His argument is a cousin of the one many of his peers in the technology industry have long clung to: that they aren’t really political entities, but simply value-neutral conveyor belts for whatever service it is that they offer—short-term rentals, rides, community, connection, information, entertainment. That their sheer scale, multiplied by the wide spectrum of beliefs held by their users, makes moderation of any kind so Sisyphean and so subjective a task that the only possible solution is to allow for just about any idea, or any customer.
But as my colleague Alexis Madrigal notes, the notion of the unbiased platform is dying before our eyes, if it ever really existed: “Some things could not be said. Some types of content were favored by advertisers and companies. The algorithms they use to sort and promote content have biases.” In other words, you simply cannot order this much information without making some judgments.
Anthony Townsend explores why Google’s plans to build a new kind of urban renewal project in Toronto has drawn outrage among locals. It boils down to trust:
Data governance has been a lightning rod because its new and scary. Early on, Sidewalk put more energy into figuring out how the robot trash chutes would work than how to control data it and others would collect in the proposed district. As part of Alphabet, you’d think this would have been a source of unique added value versus say, a conventional development. Not so — the company’s initial proposal in 2017, also hundreds of pages, tacked on a 2-page memo to CYA on the topic. It didn’t work, and belated efforts to fill the gap only led to more missteps along the way, doing little to calm critics.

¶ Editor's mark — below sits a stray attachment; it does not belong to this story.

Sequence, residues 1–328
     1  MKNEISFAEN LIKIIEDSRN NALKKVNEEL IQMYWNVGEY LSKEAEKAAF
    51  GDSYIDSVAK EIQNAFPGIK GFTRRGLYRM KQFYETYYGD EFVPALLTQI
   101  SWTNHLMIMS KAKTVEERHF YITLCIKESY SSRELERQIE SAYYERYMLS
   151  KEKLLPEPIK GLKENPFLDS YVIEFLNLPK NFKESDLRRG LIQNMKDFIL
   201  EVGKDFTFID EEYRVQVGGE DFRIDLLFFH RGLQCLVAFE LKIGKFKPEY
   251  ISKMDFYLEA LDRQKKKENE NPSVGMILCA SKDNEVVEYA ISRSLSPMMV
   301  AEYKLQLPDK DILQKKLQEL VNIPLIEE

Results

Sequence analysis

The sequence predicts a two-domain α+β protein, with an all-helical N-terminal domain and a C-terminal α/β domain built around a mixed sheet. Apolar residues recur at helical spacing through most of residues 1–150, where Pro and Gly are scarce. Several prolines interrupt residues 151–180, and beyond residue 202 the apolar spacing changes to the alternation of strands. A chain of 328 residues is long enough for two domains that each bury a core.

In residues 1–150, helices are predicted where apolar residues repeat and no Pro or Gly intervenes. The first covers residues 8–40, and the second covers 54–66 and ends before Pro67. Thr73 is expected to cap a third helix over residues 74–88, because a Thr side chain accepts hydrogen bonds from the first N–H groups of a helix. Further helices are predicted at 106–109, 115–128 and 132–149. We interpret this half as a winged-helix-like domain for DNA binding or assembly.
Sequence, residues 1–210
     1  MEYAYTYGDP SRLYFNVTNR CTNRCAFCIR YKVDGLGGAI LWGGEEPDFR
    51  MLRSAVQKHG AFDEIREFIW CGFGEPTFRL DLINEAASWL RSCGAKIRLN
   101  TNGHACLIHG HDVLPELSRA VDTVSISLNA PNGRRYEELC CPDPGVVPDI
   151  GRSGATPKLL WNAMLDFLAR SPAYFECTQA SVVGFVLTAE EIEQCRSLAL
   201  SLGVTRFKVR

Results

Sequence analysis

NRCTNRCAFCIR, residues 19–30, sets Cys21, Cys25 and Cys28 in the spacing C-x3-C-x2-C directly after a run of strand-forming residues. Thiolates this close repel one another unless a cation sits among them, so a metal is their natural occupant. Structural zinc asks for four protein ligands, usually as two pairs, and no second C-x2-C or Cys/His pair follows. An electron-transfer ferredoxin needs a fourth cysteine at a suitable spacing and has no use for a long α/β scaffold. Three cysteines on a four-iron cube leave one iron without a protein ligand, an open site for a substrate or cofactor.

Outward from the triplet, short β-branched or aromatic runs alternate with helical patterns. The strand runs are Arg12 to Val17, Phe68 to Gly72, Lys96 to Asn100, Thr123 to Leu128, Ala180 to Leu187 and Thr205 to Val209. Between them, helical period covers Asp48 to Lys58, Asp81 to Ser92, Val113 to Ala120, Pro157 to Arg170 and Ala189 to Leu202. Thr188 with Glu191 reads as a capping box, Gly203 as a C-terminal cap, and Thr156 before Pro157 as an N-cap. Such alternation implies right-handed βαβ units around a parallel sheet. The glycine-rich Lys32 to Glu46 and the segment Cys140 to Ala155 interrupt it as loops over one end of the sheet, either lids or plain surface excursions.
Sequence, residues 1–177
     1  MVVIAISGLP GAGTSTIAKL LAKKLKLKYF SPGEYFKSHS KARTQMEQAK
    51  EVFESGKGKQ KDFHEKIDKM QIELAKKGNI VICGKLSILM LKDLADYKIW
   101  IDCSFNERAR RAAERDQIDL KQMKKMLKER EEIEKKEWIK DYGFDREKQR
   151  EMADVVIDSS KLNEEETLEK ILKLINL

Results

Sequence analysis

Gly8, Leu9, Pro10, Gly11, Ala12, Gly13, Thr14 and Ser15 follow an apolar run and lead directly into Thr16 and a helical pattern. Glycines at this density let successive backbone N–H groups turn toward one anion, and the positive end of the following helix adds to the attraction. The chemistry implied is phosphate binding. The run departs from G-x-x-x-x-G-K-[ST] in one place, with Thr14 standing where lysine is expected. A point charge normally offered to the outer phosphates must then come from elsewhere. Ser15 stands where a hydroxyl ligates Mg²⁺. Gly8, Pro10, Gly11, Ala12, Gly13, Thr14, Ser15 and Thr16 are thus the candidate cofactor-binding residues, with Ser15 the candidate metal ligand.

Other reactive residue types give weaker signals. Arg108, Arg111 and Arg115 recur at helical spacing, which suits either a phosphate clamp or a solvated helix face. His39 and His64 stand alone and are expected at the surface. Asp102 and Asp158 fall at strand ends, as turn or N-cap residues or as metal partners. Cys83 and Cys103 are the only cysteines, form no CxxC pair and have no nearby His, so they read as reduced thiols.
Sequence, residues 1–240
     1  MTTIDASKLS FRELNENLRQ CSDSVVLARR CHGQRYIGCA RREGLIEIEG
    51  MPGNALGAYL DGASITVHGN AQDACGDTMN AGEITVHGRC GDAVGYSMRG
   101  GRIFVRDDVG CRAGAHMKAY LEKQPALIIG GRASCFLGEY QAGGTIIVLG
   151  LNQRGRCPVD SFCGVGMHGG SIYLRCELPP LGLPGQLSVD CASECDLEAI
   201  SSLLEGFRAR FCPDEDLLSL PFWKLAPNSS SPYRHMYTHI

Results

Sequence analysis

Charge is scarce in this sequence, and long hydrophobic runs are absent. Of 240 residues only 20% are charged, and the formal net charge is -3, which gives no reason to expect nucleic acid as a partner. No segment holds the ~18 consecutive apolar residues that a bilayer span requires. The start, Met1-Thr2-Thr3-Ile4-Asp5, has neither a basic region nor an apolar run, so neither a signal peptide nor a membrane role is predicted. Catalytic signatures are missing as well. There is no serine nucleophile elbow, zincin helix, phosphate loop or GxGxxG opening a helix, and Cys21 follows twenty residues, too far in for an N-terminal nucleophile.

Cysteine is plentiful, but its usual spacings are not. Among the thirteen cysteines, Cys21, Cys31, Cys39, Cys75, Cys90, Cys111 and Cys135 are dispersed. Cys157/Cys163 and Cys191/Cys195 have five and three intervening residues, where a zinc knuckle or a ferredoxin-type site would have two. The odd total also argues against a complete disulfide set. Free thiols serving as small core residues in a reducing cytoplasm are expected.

More important questions and criticisms have been raised about Waterfront Toronto’s handling of the Quayside bidding process and its transparency. Existential questions for Canadian cities about the shifting line between public and private delivery of government services are also on the table. None of these have been satisfactorily addressed by Sidewalk, and the number of elected officials speaking out against the project has grown as a result.
Elizabeth Dwoskin reports that a content moderator got fired after posting lyrics from “Factory” and “The Promised Land” on an internal forum. Also:
On Thursday, a group of a dozen moderators published a new letter reviewed by The Washington Post on Facebook’s internal Workplace forum, demanding better pay and a revision of confidentiality agreements that they say prevent them from seeking clinical help to address the traumatic effects of the job, among other asks. The moderators work for an Accenture subsidiary in Austin.
Celia Chen visits China’s internet addiction treatment centers:
Run by Tao Ran, a former People’s Liberation Army colonel who headed army psychology units, the centre is one of the earliest places in China to diagnose and treat internet addiction and is said to have developed treatment protocols that are used in other parts of the country.
The facility consists of several buildings that serve as canteens, dormitories and treatment rooms, arranged around an internal open-air courtyard that doubles up as a basketball court and where patients assemble for exercise. No electronic devices are allowed.
Samantha Cole writes about a $50 app called DeepNude, which “dispenses with the idea that deepfakes were about anything besides claiming ownership over women’s bodies.”
The software, called DeepNude, uses a photo of a clothed person and creates a new, naked image of that same person. It swaps clothes for naked breasts and a vulva, and only works on images of women. When Motherboard tried using an image of a man, it replaced his pants with a vulva. While DeepNude works with varying levels of success on images of fully clothed women, it appears to work best on images where the person is already showing a lot of skin. We tested the app on dozens of photos and got the most convincing results on high resolution images from Sports Illustrated Swimsuit issues.
Adam Mosseri talks to Gayle King about, among other things: a Facebook breakup:
“I think it’s important to be really clear if you believe that we should be separated, why and what problem it’s gonna solve,” he said. “If you look at the issues that I’m most focused on, things like bullying or self-harm or elections integrity, all of those problems become exponentially more difficult for us at Instagram to address if you split us up.”